Celine Takes Over The Wiltern in Los Angeles, Bringing Back ‘Age of Indieness’
Inside Los Angeles’ Art Deco landmark, Celine brings out another whammy of 2000’s nostalgia with a collection that’s equal parts indie sleaze and silver-screen glam. Here’s how the show unfurled.
Photography: Courtesy of CELINE
Standing at the corner of Wilshire Boulevard and Western Avenue, it’s hard not to notice The Wiltern, with its emblematic terra cotta façade. It’s even harder not to feel towered by it — especially on a day like tonight. The 12-story cloud-scratcher is poised serenely, fenced off and patrolled by security guards, and a crowd has gathered just outside of it. What’s the fuss about, you ask? Just look at the brightly lit marquee over the entrance, and you’ll see it spelled out in black letters: CELINE.
The news has been circulating for a while. Celine announced it was planning to present its Winter ’23 collection in Southern California, following the footsteps of other luxury giants like Ralph Lauren, Gucci, Dior and Louis Vuitton, which took over the Salk’s Institute in San Diego. If these shows prove anything, it’s this: There’s a heightened interest in our state, and it’s continuing to come at us very fast.
But is it really a surprise that Hedi Slimane, Celine’s creative, artistic, and image director, picked Los Angeles? Not really. Hailing from France, Slimane — a photographer-turned-designer — has always had a connection to this part of the state, and a strong one at that. Slimane lived in Los Angeles for close to a decade; the city played the secondary role of muse and model in much of Slimane’s work, in photography and beyond. Even though Slimane sold his house in 2018, it’s clear that the City of Angels still maintains a grip on his imagination. Because here he is in Los Angeles again, making fashion headlines.
The Wiltern seems like the perfect fit for the event. For close to a century, the building has been a neighborhood cornerstone, its name a portmanteau of Wilshire and Western, the two streets it straddles. Opened as a movie theater, the building was almost under the threat of demolition in the late ‘70s — almost. Conservationists put their feet down, and the Wiltern was saved. Since then, the green terra-cotta gem has been functioning as a performance venue, and over the course of its long life, it has hosted the likes of Prince, Frank Ocean, Nina Simone, The Rolling Stones, The Strokes, and Patti Smith, to name a few.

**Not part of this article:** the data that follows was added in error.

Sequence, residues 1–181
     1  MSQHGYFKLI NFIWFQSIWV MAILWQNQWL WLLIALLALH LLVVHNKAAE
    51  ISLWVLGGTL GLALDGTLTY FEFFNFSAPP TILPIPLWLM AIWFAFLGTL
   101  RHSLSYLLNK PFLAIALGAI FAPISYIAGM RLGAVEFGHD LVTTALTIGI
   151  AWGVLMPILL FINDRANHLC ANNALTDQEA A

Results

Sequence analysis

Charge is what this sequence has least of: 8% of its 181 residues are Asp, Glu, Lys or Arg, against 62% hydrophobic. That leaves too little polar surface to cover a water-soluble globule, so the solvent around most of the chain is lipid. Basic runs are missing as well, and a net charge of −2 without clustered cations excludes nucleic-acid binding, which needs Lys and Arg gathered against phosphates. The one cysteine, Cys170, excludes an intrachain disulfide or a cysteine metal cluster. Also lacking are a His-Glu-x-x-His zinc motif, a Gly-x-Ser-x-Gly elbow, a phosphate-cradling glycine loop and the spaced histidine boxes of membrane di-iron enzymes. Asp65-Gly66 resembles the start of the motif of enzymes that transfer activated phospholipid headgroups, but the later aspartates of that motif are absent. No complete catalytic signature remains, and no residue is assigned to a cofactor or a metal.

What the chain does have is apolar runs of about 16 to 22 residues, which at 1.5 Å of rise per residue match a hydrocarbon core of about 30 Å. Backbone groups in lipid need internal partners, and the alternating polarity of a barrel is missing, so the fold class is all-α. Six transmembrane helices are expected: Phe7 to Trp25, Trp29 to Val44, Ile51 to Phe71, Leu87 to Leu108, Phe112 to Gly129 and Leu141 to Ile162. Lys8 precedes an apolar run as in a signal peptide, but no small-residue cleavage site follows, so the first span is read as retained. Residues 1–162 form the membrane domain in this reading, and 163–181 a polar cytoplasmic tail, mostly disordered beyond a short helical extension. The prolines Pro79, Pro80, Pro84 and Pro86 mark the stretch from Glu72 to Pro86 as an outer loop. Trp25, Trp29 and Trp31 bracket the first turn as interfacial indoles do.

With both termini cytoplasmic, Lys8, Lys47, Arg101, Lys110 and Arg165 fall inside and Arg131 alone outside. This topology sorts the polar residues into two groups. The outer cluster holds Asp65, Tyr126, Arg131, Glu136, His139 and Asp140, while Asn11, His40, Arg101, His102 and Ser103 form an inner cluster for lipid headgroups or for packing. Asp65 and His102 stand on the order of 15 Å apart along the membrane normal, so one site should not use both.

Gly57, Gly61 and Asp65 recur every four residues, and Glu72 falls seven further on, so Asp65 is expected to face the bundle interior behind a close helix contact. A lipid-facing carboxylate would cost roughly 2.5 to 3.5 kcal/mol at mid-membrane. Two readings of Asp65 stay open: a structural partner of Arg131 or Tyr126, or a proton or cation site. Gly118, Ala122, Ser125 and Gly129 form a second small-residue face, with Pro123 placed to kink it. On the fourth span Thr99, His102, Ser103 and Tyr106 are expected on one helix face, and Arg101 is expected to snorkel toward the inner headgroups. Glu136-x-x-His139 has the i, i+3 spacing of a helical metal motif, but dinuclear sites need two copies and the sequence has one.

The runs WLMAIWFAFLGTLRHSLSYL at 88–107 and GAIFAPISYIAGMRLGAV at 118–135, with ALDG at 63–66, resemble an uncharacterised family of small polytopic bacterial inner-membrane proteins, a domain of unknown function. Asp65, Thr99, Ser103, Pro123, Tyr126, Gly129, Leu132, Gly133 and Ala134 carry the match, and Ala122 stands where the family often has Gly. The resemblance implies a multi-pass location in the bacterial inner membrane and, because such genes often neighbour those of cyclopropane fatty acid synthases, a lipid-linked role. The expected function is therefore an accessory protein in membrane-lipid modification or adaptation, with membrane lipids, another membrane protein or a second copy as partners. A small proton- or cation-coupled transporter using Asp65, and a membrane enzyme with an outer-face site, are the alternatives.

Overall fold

In short, not only is the building emblematic of the city, it’s also such an important place for music in Los Angeles — and music has always been integral to Slimane’s work. So, yes, The Wiltern is an appropriate backdrop. With its etched gold “sunburst” ceiling and lavish interior, its auditorium begs for a good show. And by the looks of it, this will be one for the books.
Ready to Rock ‘N’ Roll
With The White Stripes’ “Hello Operator” on the soundtrack (produced for Celine), a time capsule is opened. The first model is out, clad in a gold-button coat and tunic top, draped over pencil-thin black pants and paired with knee-high boots. Seeing this feels like visiting an old friend. The whole look pulses with familiarity: the loosely worn scarf, the long, tiered necklace, the inexplicable layering. Is Slimane bringing out another whammy of 2000’s nostalgia?
Over the past couple of years, we’ve seen a lot of staples from the early aughts, regurgitated into a cool, new-but-nostalgic aesthetic. I’ve written a great deal about low-slung pants and itty-bitty crop tops, so it was only a matter of time till I’d find myself rehashing another relic from my teenage years — one that’s a little darker, a little grimier. Remember that time? The time when Myspace and flash photography were all the rage? When what we wore was heavily influenced by what we listened to? (Looking at you, Paramore.) Yes, I’m talking about “indie sleaze,” which is making a not-so-surprising comeback — and Slimane is better equipped than most to disturb its sleep.
Dubbed “Age of Indieness,” Celine’s retelling of the mid-’00s indie sleaze chapter is, well, a lot less sleazy and a lot more elevated, with a seriously offhand, boho-chic treatment. Skinny jeans (yes, those again) are tucked into knee-high boots, thin silk scarves are worn with shrunken jackets, and belts are slung low over dresses. Oversized handbags weigh down the arms of models as they make their way down the runway. Stacked, golden-chain necklaces are heavily featured throughout, and eyeliners are black, smudged and Lavigne-esque.
Celine reminisces over more mid-aughts trends like sparkly jackets, faux fur and lots of leather.
Everything heightens before the show draws to a close. The finale introduces a lineup that’s less hipster-glam and more just “glam.” Models glide up the stage, dripping in sumptuous sequins and shimmer. Gold and silver evening dresses are pared back with minimalist silhouettes but take-your-breath-away slinkiness and gilded glamor.
For me, the collection brought back very vivid, very visceral memories of middle and high school, back when I sported side-swept bangs and watched Gossip Girl on repeat. It was a period of time when most millennials were coming into our own, making fashion choices that were questionable and felt more like streams of consciousness rather than deliberate decisions. Purely on taste grounds, a lot will argue that some eras — the mid-aughts especially — are better forgotten. But Slimane proves otherwise, and very convincingly so.
Photography: Courtesy of CELINE
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